Lisa is Princeton’s first woman carillonneur. “I don’t like to say I got this job because I’m a woman. I got this job because I played well,” she commented. “Unless you’re up there in the cabin, you don’t know if it’s a guy or a girl who’s playing, so why does that matter?” Lisa says one’s physique doesn’t have to affect the way they play. She’s seen tiny women pound keys and large men pat them. Currently, women make up about 43% of all North American carillonneurs, while in Europe it is still very much a male-dominated profession.
The international carillon community is rich in spirit and memory. In Europe, carillons that have existed for over 500 years still commence market day festivities, and carillon academies train new generations of players. A number of U.S. universities offer masters in carillon playing. Graduates of these institutions travel the world to give concerts on each other’s consoles and share their new compositions.
Princeton’s carillon is the fifth largest in North America, boasting a total of 67 bells. It has its own endowment for repairs, concert programming, and lessons. Only clappers and wires currently need attention. “Once the bells are tuned in the foundry,” Lisa explained, “they don’t go out of tune for hundreds and hundreds of years.” Recently, she created a concert series called “carillon karaoke,” where powerful speakers she purchased back her bells in full orchestral compositions.
As for lessons, Lisa currently teaches one undergraduate and ten graduate students, who have the have the opportunity to perform at an annual concert in April. Since students have limited time to train on the real carillon, they instead utilize a practice console in the basement of the graduate college, developed specifically to match the one in the tower with 67 bells. “There’re a lot of students who come to me in the spring of their final year, and tell me, ‘I’ve been dying to play the carillon for the longest time! Will you teach me?’” She will not. The carillon, to Lisa, is not an instrument one can learn in such a short period, regardless of musical experience.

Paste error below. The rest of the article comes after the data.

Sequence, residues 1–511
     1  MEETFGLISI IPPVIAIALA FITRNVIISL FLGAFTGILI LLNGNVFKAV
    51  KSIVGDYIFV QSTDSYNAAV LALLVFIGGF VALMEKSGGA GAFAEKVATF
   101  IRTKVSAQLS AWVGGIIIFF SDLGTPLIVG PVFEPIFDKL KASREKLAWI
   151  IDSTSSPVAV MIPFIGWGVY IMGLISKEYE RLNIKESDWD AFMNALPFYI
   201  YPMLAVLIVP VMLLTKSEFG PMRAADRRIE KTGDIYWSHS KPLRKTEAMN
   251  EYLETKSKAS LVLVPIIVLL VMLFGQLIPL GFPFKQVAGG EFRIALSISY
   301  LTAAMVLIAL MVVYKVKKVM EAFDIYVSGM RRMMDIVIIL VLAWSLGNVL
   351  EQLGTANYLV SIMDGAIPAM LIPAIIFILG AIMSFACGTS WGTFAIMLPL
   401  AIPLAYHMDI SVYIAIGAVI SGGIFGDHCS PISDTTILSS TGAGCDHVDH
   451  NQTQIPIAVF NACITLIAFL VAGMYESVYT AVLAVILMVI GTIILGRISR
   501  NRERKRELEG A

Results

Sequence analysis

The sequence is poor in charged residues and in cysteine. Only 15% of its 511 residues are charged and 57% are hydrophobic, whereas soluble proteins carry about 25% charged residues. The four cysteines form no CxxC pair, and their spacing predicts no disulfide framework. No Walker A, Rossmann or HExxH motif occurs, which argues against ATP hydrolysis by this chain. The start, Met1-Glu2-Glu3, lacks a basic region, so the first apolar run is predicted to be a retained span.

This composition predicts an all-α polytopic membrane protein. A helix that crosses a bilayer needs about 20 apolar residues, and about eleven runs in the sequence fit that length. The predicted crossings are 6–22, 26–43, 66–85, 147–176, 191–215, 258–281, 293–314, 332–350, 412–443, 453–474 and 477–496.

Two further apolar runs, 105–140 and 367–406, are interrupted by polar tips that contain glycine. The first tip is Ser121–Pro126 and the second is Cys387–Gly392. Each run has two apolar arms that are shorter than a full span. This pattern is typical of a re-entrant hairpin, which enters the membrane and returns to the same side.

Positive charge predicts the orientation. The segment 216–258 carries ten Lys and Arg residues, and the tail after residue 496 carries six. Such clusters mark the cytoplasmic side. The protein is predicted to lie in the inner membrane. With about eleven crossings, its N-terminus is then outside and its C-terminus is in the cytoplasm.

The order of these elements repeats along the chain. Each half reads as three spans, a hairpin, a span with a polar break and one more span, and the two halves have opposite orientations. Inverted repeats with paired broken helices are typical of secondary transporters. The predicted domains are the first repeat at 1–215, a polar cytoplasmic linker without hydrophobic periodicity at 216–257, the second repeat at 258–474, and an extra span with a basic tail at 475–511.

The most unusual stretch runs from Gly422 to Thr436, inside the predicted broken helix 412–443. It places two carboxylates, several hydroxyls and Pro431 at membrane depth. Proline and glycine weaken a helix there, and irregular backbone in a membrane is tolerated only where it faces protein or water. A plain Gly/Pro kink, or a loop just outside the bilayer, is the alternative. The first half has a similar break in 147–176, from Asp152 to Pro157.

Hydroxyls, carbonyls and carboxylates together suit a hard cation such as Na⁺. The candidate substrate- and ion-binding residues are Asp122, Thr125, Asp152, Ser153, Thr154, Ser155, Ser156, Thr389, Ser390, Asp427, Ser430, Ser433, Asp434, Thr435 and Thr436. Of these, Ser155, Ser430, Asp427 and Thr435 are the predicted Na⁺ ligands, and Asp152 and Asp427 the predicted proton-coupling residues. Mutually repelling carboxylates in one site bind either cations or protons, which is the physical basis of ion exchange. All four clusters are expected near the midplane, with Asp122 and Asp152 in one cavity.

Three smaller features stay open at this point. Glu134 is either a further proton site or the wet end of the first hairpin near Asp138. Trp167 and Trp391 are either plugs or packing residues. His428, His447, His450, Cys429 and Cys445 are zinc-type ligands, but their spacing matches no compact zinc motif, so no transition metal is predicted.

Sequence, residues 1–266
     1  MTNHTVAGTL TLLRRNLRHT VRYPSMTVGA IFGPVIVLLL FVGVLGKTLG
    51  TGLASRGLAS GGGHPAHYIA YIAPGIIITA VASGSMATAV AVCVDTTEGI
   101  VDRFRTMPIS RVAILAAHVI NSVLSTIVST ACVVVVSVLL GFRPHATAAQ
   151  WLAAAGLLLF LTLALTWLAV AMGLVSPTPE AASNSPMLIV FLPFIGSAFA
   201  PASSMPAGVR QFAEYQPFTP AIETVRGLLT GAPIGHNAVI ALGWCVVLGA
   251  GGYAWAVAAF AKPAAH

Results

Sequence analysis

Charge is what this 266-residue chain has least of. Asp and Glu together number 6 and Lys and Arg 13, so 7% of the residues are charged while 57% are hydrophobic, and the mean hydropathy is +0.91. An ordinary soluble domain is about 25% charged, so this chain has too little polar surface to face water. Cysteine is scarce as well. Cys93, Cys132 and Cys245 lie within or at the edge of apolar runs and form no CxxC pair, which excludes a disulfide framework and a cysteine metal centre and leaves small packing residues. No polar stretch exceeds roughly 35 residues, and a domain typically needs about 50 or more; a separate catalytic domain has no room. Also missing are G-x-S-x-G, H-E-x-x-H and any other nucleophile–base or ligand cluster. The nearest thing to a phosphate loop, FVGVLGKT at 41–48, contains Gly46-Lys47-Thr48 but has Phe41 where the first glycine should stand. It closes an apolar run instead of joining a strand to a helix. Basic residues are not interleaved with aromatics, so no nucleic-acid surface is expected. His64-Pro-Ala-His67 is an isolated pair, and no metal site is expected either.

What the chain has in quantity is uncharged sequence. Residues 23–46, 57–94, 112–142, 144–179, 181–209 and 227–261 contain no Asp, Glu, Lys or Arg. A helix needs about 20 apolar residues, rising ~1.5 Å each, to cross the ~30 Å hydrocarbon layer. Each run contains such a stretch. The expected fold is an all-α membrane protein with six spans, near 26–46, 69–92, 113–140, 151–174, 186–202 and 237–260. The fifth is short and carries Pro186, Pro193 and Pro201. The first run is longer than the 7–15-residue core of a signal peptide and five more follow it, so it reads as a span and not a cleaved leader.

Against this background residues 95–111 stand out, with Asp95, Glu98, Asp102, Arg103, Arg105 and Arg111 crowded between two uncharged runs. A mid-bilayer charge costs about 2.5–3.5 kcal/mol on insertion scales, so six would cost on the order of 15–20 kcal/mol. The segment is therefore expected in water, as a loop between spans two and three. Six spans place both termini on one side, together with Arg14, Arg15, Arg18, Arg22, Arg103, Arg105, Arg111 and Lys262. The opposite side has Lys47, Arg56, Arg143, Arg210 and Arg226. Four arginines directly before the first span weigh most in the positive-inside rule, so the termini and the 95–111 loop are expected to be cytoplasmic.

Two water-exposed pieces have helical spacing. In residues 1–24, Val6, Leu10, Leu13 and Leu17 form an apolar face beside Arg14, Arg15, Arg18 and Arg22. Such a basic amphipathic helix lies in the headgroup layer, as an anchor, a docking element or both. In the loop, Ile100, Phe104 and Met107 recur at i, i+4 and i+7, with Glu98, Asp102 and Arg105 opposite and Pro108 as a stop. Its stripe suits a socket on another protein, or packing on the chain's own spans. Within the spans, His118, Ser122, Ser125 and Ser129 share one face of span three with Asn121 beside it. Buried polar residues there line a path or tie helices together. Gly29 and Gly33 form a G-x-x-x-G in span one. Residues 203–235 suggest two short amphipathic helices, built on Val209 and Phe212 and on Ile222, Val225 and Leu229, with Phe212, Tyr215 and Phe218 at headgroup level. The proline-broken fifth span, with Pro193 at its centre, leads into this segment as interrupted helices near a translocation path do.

While Lisa spends most of her time at Princeton, she also plays two other carillons as well, one at St. Thomas Church in Whitemarsh, a suburb of Philadelphia, and Church of the Holy Trinity, which lies in the heart of Whitemarsh. Sometimes, when she isn’t available to give a live performance, she must remotely control the carillon’s automatic system through MIDI (Musical Instrument Digital Interface). Immediately after she programs a song, the software electronically triggers desired clappers and the force at which they hit the bell. For the 2018 Super Bowl, Lisa programmed the Eagles theme during the week up to and after their victory.
Lisa also plays the carillon for special circumstances outside of routine and concert. If it’s someone’s birthday, she will perform a song of their choice. If there is a mass shooting, she will toll the Bourdon bell, the lowest and largest, once for each victim. For the Las Vegas massacre, she decided to also announce the names of the deceased on her speaker system. “I always hope I never have to play one again,” she commented. In her 3rd month as Princeton’s carillonneur, she rung the Bourdon bell twenty times for the victims at Sandy Hook. She never imagined she would have to strike it as many times as she has to date.
Playing the carillon is not Lisa’s full-time job. She works as an executive assistant at Salus University, a small health professions college in Philadelphia. “Don’t get me wrong, I love my job there, too,” Lisa informed. Salus has been her home for over 25 years, and surprisingly, not many employees know about her “side gig.” After work, she returns home to her husband and children, none of whom play the carillon. “It’s a big baseball house,” she explained. But they are always sure to support her at her concerts in the summer and school year.